Gold was never known to occur in significant quantities in Illinois. It has never been mined on any large scale in the state, not even as a byproduct of various types of mining (sand and gravel, zinc-lead, fluorite, etc.). Gold prospecting opportunities area still possible on a smaller-scale.
Like the rest of its neighboring states, Illinois has been fortunate to have some limited amounts of placer gold deposits in the form of previous glacial drifts that occurred thousands of years ago.
A few early recorded reports of gold that was discovered in certain bedrocks of the state that lent credibility to the yellow metal’s existence in Illinois. Further exploration has confirmed that fine gold can be located in may parts of Illinois.
In 1899, in a zinc mine in Stephenson County, southeast of the Upper Mississippi Valley Zinc-Lead District small amounts of gold were reportedly found in a couple of samples of quartz nodules.
A 1975 local newspaper story reported minor amounts of gold retrieved from an old shaft that was initially mining for the dolomite mineral in Bald Knob, a large hill in Alto Pass Village in Union County in 1900.
Furthermore, according to a 1978 Illinois Geological Survey Letter, all of the other reported occurrences of gold in the state of Illinois came from unconsolidated or scattered surficial deposits: ores that contained trace amounts of gold; small amounts of gold found through panning heavy minerals from sand and gravel deposits; or, in glacial debris that have been transmitted southwards from areas of gold-bearing bedrock in Canada and deposited throughout Illinois during the Pleistocene or Ice Age.
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Almost all of these gold occurrences appeared to be in alluvial deposits— either glacial outwash or modern stream gravel deposits— derived from glacial elements. Out of these particular reported discoveries, there were neither discernable patterns nor specific areas within the glaciated portion of the state where gold has occurred.
The following are other areas noted to have glacial gold occurrences, primarily in outwash areas, were it can be found concentrated by the watercourses of particular counties in Illinois:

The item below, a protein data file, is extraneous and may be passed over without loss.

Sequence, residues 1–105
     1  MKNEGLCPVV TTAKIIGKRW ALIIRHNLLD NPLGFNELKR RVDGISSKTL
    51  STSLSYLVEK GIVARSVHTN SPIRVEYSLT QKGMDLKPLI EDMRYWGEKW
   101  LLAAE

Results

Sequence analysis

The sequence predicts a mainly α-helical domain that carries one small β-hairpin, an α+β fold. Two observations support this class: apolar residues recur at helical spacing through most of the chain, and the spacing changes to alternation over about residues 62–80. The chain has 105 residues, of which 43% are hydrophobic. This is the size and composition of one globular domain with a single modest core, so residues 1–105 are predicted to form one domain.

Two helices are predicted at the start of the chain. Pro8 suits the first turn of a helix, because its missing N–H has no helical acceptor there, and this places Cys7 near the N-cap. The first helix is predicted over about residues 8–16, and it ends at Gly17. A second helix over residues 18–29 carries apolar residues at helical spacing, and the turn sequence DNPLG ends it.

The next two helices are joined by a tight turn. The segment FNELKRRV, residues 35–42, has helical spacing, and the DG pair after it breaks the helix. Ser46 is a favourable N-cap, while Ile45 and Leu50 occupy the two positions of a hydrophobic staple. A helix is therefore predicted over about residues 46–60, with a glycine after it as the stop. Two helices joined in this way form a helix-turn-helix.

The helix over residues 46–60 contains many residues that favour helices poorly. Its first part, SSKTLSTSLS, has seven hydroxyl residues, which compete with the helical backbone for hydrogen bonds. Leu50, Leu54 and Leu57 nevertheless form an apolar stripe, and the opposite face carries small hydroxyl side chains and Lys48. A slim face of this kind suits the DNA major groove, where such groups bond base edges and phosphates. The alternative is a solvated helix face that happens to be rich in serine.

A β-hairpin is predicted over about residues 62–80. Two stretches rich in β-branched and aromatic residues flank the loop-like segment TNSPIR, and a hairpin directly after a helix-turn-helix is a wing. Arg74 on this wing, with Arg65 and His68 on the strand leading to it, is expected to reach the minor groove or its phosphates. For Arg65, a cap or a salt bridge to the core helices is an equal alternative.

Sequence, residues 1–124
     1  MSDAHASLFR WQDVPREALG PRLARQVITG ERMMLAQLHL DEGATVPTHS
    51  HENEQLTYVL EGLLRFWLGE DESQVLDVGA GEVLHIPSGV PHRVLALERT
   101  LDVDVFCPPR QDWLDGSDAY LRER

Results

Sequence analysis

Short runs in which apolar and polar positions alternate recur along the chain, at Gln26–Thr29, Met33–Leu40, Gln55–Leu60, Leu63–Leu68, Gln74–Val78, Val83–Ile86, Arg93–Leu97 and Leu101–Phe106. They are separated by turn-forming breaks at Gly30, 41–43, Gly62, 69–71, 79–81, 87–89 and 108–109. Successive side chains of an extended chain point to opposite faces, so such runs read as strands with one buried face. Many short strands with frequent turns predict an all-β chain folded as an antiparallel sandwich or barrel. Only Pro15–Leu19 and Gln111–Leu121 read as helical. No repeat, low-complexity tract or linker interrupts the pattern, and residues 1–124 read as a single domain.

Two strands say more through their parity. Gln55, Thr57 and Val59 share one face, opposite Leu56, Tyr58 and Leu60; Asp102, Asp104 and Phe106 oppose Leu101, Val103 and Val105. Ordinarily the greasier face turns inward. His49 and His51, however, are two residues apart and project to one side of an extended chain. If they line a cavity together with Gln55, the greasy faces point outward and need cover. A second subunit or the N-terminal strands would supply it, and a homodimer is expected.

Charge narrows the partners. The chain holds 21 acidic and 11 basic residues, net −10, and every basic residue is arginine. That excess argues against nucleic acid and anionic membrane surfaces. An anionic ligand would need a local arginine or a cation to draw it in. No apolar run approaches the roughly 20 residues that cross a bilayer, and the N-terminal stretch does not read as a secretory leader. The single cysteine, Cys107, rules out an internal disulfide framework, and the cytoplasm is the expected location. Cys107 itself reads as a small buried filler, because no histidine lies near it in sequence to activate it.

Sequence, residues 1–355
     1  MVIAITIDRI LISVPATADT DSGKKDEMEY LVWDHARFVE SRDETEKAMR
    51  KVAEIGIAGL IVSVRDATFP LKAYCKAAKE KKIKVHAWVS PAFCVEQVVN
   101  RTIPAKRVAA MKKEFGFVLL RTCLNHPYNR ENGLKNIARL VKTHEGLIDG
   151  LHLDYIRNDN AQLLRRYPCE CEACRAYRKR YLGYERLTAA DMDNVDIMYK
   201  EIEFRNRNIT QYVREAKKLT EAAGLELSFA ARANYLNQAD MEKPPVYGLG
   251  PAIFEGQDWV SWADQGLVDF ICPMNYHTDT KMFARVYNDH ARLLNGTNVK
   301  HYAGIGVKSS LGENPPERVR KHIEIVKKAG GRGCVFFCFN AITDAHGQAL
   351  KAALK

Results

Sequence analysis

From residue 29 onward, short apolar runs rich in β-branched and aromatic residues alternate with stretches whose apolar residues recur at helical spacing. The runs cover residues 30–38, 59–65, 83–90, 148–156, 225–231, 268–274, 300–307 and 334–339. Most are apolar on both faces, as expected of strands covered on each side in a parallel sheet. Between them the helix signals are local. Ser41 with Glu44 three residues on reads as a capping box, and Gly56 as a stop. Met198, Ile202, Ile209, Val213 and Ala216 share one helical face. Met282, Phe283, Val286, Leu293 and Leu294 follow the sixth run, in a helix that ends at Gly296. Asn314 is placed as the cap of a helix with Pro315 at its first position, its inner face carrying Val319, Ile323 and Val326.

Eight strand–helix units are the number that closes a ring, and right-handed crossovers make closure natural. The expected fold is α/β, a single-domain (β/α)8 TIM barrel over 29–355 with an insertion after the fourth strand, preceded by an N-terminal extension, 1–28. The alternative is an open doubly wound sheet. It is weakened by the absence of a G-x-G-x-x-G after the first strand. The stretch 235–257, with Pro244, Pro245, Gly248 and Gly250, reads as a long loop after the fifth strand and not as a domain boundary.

In Cumberland County, gold was retrieved from creek gravels near the town of Greenup.
In Fulton County, fine gold existed in the Illinois and Spoon Rivers.
In Ford County, small amounts of gold were found in the Vermilion River nearing the boundary with Vermilion County.
In Henderson County, gold existed in the Mississippi River Valley and along its small tributary.
In Jackson County, an unpublished 1968 report from the Illinois State Geological Survey described gold occurrences in the boulders of a field near Carbondale City that were once assayed at $25 per ton.
In Jasper County, placer gold was reportedly present in the Embarrass River.
In Lake County, an old-timer well driller reported to have witnessed gold in a well’s sand bed.
In Lee County, many people have reported to have seen gold panned from the gravels of Rock River.
In Macon County, small quantities of gold were obtained in the Sangamon River and its tributaries.
In McHenry County, gold was taken from an outwash plain that can be found within the county.
In Peoria County, gold was recovered at depth in the sands of a well near Peoria.
In Wabash County, fine gold occurred in the Wabash River and its tributaries.
In Will County, samples of glacial outwash near Channahon contain some gold.
In Winnebago County, samples of sand from a well in Rockford City had gold deposits.
As previously mentioned, the gold occurrences in Illinois were primarily only limited to glacial deposits. Generally, these were never rich enough for any profitable commercial mining venture. While recreational prospectors and miners may have success, or failure, in the particular areas cited, there is potential for gold in any stream within the region of the glacial drift occurrence.
In summary, panning trace amounts of gold is certainly possible in certain locations in Illinois, especially in glacial outwash deposits and along streams that incised into the glacial drifts. With limited quantities, be sure to explore many areas.
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